Why It's Time to Legalize Prostitution
A prostitute has a 45 percent to 75 percent chance of experiencing workplace violence at some point, according to recent research indicates, and a 32 percent to 55 percent likelihood that she or he was victimized the past year. Worker safety, along with concerns about exploitation and objectification, are behind much of the continued support for keeping prostitution illegal.
But there’s a movement afoot to challenge conventional wisdom about prohibition. Or, rather, to incorporate what we already know about black markets into our thinking about sex workers and their rights.
As with the drug trade, much of the violence associated with sex work is exacerbated by its illegality. Violent people are more likely to prey on sex workers, confident that they won’t be reported to police. This leaves workers dependent on pimps and madams for protection, which often leads to more violence. And then there’s abuse from police. In Ireland, where prostitution is still criminalized, one study estimates that 30 percent of the abuse that sex workers report comes from police. Some estimate that police actually abuse American sex workers more often than clients do.
Illegality also forces sex work outdoors. Craigslist and Backpage should be havens for workers to connect with and vet clients from the safety of their homes. Instead, cops monitor such sites to ensnare workers and their clients. Sex workers traded safety tips and rated clients on My Redbook until the FBI seized the site, destroying the data and forcing sex workers onto other sites, or the streets.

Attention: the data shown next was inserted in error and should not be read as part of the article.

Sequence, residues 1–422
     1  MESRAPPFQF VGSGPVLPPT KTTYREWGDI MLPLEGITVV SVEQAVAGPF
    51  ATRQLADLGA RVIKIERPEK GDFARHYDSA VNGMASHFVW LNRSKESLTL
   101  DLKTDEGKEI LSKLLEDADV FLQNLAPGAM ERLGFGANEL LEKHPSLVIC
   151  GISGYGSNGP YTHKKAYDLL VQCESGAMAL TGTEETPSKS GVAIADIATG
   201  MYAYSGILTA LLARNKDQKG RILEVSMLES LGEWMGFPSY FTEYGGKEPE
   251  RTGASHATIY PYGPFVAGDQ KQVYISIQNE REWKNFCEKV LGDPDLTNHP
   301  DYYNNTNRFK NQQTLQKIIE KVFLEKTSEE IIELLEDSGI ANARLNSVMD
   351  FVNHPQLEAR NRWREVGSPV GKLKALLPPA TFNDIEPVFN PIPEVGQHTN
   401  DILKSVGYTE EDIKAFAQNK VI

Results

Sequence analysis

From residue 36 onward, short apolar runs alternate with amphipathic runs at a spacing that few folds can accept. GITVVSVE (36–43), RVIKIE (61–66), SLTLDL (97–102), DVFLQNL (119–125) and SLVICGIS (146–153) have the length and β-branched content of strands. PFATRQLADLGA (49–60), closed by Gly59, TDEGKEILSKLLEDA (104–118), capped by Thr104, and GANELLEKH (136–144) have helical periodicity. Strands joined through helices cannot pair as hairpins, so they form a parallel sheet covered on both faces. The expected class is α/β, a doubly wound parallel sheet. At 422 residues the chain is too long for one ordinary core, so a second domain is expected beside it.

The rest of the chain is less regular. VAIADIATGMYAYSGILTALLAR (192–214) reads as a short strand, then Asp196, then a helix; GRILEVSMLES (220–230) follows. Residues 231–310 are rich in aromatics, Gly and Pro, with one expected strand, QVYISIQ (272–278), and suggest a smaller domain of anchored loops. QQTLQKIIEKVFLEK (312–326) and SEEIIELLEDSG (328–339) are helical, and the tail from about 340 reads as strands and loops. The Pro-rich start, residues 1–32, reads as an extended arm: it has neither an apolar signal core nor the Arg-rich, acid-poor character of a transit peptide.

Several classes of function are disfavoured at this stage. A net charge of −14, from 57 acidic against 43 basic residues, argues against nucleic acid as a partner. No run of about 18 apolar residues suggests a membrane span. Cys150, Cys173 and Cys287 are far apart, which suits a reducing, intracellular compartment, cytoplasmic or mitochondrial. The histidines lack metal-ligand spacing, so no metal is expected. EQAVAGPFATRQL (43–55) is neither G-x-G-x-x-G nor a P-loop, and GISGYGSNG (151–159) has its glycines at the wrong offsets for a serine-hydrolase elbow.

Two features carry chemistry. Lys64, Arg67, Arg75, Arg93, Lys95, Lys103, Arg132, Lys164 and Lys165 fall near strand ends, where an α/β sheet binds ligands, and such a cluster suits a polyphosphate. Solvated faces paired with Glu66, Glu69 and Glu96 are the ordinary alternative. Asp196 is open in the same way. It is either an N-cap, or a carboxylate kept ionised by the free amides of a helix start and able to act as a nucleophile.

After Germany and New Zealand legalized sex work, violence against sex workers decreased, while workers’ quality of life improved. There, occupational health and safety laws protect sex workers. And the ability to screen clients and take credit card numbers has reduced violence. “It’s been just fantastic, really,” said Catherine Healey, national coordinator for the New Zealand Prostitutes’ Collective.
Some worry about legalized sex work leading to more widespread sexually transmitted infections. But in reality, after testing began post-legalization in Germany, researchers discovered no difference in sexually transmitted infection rates between sex workers and the general population.
In fact, the data are pretty clearly in favor of legalizing sex work to improve public health. The World Health Organization recommends that countries decriminalize sex work. According to a recent WHO report, “Violence against sex workers is associated with inconsistent condom use or lack of condom use, and with increased risk of STI and HIV infection. Violence also prevents sex workers from accessing HIV information and services.”